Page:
A vulnerability in Firefox for Android paves the way for an attackers to launch websites on a victim’s phone, with no user interaction. The attack manifests in the form of a Firefox browser window on the target device suddenly launching, without the users’ permission. This can be used for various malicious attacks, or as the researcher points out, surprising victims with an auto-playing Rick Astley video.
To exploit the bug, an attacker would need to be attached to the same Wi-Fi network as the target, according to researcher Chris Moberly, who recently published details on the bug, along with a proof-of-concept (PoC) exploit.
“The target simply has to have the Firefox application running on their phone,” he explained. “They do not need to access any malicious websites or click any malicious links. No attacker-in-the-middle or malicious app installation is required. They can simply be sipping coffee while on a cafe’s Wi-Fi, and their device will start launching application URIs under the attacker’s control.”
The flaw exists in Firefox for Android’s Simple Service Discovery Protocol (SSDP) engine (68.11.0 and below). The SSDP is a network protocol that’s used for the advertisement and discovery of network services and presence information.
In this case, the SSDP engine can be tricked into triggering what are called Android intent Uniform Resource Identifiers (URIs). An “intent” is an abstract description of an operation to be performed. An intent allows developers to specify actions that can start an activity in another app (such as “view a map” or “take a picture”).
“The vulnerable Firefox version periodically sends out SSDP discovery messages, looking for second-screen devices to cast to (such as the Roku),” Moberly explained. “These messages are sent via UDP multicast to 220.127.116.11, meaning any device on the same network can see them. Any device on the local network can respond to these broadcasts.”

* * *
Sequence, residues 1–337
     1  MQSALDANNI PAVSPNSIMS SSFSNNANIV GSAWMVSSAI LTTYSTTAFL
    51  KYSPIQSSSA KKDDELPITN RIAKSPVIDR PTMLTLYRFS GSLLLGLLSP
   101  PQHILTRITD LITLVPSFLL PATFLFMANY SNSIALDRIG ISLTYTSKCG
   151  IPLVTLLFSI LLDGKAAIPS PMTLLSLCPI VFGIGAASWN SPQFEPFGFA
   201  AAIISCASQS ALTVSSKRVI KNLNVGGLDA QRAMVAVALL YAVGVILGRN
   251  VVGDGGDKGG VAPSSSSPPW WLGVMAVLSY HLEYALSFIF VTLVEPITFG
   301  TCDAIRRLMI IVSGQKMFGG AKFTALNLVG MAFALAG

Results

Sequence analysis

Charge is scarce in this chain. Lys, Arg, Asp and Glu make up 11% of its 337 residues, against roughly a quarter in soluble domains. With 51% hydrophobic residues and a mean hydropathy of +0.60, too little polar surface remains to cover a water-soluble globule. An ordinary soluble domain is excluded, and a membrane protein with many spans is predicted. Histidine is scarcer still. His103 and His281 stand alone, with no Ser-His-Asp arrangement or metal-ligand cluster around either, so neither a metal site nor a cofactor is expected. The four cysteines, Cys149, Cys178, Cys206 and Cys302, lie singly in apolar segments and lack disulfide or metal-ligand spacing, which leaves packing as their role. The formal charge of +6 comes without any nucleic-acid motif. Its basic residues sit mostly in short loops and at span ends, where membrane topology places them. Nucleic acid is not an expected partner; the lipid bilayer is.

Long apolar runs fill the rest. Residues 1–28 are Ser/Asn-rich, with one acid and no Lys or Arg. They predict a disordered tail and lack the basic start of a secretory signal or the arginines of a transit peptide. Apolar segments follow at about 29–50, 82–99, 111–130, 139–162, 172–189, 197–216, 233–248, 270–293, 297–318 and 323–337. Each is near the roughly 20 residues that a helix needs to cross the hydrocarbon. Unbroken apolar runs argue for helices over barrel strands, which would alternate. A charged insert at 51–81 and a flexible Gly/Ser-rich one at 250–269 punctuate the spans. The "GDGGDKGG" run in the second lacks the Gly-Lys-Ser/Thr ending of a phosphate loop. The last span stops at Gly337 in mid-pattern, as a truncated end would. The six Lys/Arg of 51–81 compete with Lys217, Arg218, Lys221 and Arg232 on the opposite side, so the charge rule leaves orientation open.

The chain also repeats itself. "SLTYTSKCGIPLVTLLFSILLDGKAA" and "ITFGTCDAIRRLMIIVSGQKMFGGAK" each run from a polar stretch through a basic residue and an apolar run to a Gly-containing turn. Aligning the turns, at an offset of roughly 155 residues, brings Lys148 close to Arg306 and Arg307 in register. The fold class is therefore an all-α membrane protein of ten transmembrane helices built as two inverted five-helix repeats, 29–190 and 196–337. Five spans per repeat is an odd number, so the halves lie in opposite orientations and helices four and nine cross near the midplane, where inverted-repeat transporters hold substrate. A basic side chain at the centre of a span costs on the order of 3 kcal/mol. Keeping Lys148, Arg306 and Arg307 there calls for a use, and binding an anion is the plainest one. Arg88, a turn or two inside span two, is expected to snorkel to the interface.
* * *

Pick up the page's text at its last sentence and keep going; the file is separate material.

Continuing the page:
A malicious attacker can respond to one of the “ready to cast” messages and provide the device running Firefox with a location to cast to, he said. Firefox will then attempt to access that location, expecting to find an XML file conforming to universal plug-and-play (UPnP) specifications.
“This is where the vulnerability comes in,” Moberly wrote. “Instead of providing the location of an XML file describing a UPnP device, an attacker can run a malicious SSDP server that responds with a specially crafted message pointing to an Android intent URI. Then, that intent will be invoked by the Firefox application itself.”
Thus, a specially crafted response can force an Android phone on the local network with Firefox running to suddenly launch a specific website. It can also be used to do this on all Android phones on a network.
“This most definitely could have been an epic rick-roll, where everyone in the room running Firefox tried to figure out what the heck was going on,” the researcher said.
More malicious attacks could include launching a phishing page, or launching a direct link to an .XPI file, prompting for immediate installation of a malicious extension to compromise the browser itself. The bug could also be used to prompt someone to install a malicious package.
Moberly also found that other intents beyond launching a web browser can be invoked, too.
“Another example is to call other applications,” he said: In his PoC, he was able to start a mail application with arbitrary text. “Pretty scary to have happen on your device when you’re just minding your own business….However, that execution is not totally arbitrary in that it can only call predefined application intents,” he said.
The bug — and the exploit — was afformed by fellow researcher Lucas Stefanko:
Exploitation of LAN vulnerability found in Firefox for Android
I tested this PoC exploit on 3 devices on same wifi, it worked pretty well.
I was able to open custom URL on every smartphone using vulnerable Firefox (68.11.0 and below) found by @init_string https://t.co/c7EbEaZ6Yx pic.twitter.com/lbQA4qPehq
— Lukas Stefanko (@LukasStefanko) September 18, 2020
Firefox quickly fixed the bug, so users should update their application to version 79 or above (this may have already automatically been done). People can verify that they’re up-to-date by navigating to “Settings -> About Firefox” and looking for the version number.